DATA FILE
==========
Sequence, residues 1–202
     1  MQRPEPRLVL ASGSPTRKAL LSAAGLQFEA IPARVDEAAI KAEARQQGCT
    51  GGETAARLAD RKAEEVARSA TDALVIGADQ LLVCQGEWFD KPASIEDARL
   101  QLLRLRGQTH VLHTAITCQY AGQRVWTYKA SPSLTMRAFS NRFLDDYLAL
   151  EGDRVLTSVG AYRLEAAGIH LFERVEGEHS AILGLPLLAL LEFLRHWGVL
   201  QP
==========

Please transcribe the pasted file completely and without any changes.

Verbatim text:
Sequence, residues 1–202
     1  MQRPEPRLVL ASGSPTRKAL LSAAGLQFEA IPARVDEAAI KAEARQQGCT
    51  GGETAARLAD RKAEEVARSA TDALVIGADQ LLVCQGEWFD KPASIEDARL
   101  QLLRLRGQTH VLHTAITCQY AGQRVWTYKA SPSLTMRAFS NRFLDDYLAL
   151  EGDRVLTSVG AYRLEAAGIH LFERVEGEHS AILGLPLLAL LEFLRHWGVL
   201  QP